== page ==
Their interest in outdoor pursuits is often lacking

Problem Solving and Decision Making

I have read that effective problem solving and decision making “requires outstanding attention to detail and the ability to remain calm under pressure" and I am sure that some of the other candidates may have regaled you with numerous examples of how, having been presented with a critical issue late in the process, they effectively managed to overcome the obstacle and calmly extricate both themselves and the company from the situation with aplomb. However, until they have had to deal with a raging toddler, excessive layers of winter clothing and a liquid excrement expelled at high pressure when armed with only 3 wet wipes and a “can do” attitude, I doubt they are in the same league as I.

Three wet wipes people!

Commercial awareness

I have a strong track record of anticipating the needs and wants of my “clients”. Many is the time I found myself catering to the unvoiced demands of those I serve without prompt, be it procuring the latest episode of “Go Jetters”, enabling (against his audible protestations) the youngest to recharge his batteries by putting him to bed during the day or engaging the eldest in an arts and crafts situation. It is merely fortuitous that this ability to pre-empt my “clients’” needs also serves to provide me with a brief hiatus in the middle of a long day at “work”, which in turn, undoubtedly increases my productivity (on social media).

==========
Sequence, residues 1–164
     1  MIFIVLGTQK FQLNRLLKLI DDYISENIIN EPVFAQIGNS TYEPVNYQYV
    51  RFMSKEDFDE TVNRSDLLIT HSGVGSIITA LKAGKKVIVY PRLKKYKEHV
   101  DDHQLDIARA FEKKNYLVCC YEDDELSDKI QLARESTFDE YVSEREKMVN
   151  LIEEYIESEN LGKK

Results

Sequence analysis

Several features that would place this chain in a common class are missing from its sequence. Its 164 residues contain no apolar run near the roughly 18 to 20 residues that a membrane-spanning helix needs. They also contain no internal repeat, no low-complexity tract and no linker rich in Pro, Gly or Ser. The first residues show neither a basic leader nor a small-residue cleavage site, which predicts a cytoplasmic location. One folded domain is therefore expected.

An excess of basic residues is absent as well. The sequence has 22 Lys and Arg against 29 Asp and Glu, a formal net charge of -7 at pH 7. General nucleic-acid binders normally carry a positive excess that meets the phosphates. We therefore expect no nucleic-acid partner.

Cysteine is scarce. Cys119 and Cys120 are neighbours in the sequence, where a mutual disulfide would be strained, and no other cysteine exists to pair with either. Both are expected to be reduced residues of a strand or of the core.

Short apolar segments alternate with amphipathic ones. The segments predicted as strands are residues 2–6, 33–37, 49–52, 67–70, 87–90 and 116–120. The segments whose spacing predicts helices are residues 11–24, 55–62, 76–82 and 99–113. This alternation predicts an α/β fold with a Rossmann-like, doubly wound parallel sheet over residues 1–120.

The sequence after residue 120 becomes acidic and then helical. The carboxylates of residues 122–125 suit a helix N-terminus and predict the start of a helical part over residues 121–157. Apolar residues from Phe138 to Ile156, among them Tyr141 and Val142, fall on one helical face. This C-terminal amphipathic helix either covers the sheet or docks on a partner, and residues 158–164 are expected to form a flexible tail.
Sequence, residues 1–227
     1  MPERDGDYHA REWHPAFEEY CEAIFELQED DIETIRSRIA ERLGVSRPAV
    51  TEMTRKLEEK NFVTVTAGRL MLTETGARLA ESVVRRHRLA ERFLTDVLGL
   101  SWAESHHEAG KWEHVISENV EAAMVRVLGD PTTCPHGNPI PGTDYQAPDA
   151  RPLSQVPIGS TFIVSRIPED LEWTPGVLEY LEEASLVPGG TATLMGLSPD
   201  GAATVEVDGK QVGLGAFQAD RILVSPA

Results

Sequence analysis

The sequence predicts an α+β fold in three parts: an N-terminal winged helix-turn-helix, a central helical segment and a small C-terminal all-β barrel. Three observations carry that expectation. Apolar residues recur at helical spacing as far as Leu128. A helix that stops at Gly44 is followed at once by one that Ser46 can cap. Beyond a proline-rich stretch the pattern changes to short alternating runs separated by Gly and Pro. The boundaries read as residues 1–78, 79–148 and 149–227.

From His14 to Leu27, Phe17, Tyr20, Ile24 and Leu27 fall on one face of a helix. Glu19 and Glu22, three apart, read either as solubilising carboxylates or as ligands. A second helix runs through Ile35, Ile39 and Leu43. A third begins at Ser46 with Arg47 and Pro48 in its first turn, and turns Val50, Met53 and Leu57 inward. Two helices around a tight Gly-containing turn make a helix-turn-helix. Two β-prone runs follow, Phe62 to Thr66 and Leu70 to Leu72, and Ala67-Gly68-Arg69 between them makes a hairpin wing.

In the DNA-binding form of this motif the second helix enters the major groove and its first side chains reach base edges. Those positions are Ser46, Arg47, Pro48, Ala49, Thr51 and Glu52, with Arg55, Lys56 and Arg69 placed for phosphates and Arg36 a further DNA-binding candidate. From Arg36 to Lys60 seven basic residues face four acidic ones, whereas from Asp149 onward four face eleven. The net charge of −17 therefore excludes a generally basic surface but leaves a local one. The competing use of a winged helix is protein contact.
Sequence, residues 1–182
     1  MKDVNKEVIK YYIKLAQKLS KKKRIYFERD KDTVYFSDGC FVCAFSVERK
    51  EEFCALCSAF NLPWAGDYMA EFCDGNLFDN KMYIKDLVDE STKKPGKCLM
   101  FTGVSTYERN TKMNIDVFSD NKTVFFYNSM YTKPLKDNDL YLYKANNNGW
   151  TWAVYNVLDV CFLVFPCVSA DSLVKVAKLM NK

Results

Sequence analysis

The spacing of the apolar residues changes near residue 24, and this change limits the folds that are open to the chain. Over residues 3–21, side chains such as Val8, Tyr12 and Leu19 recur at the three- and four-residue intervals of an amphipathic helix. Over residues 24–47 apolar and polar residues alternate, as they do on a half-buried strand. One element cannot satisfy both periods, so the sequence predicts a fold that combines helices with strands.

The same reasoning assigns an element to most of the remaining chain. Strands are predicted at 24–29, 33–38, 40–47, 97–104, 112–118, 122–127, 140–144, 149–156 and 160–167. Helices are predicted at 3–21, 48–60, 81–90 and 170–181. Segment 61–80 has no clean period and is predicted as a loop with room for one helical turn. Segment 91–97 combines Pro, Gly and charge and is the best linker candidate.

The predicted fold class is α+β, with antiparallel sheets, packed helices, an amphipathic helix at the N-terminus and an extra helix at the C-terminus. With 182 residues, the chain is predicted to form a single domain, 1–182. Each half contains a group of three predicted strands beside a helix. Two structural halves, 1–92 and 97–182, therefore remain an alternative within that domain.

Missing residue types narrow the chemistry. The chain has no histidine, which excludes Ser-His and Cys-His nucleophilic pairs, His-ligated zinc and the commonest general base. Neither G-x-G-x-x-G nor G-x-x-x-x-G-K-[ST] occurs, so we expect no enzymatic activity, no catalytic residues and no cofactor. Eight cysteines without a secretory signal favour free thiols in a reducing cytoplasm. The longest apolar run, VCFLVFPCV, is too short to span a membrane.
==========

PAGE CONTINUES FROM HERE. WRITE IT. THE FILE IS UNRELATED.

It's about recognising the specific needs for each "client" where here we see arts and crafts are not effectively engaging the youngest

So, as you can see, we as mothers have many a transferrable skill and should not fear the workplace or question our abilities to thrive there. After all, if I can tame a couple of lawless toddlers who would no more be reasonable than they would perform algebraic equations, then I can definitely hold my own in the corporate world.

Management here I come.

Totes Profesh.

3 Little Buttons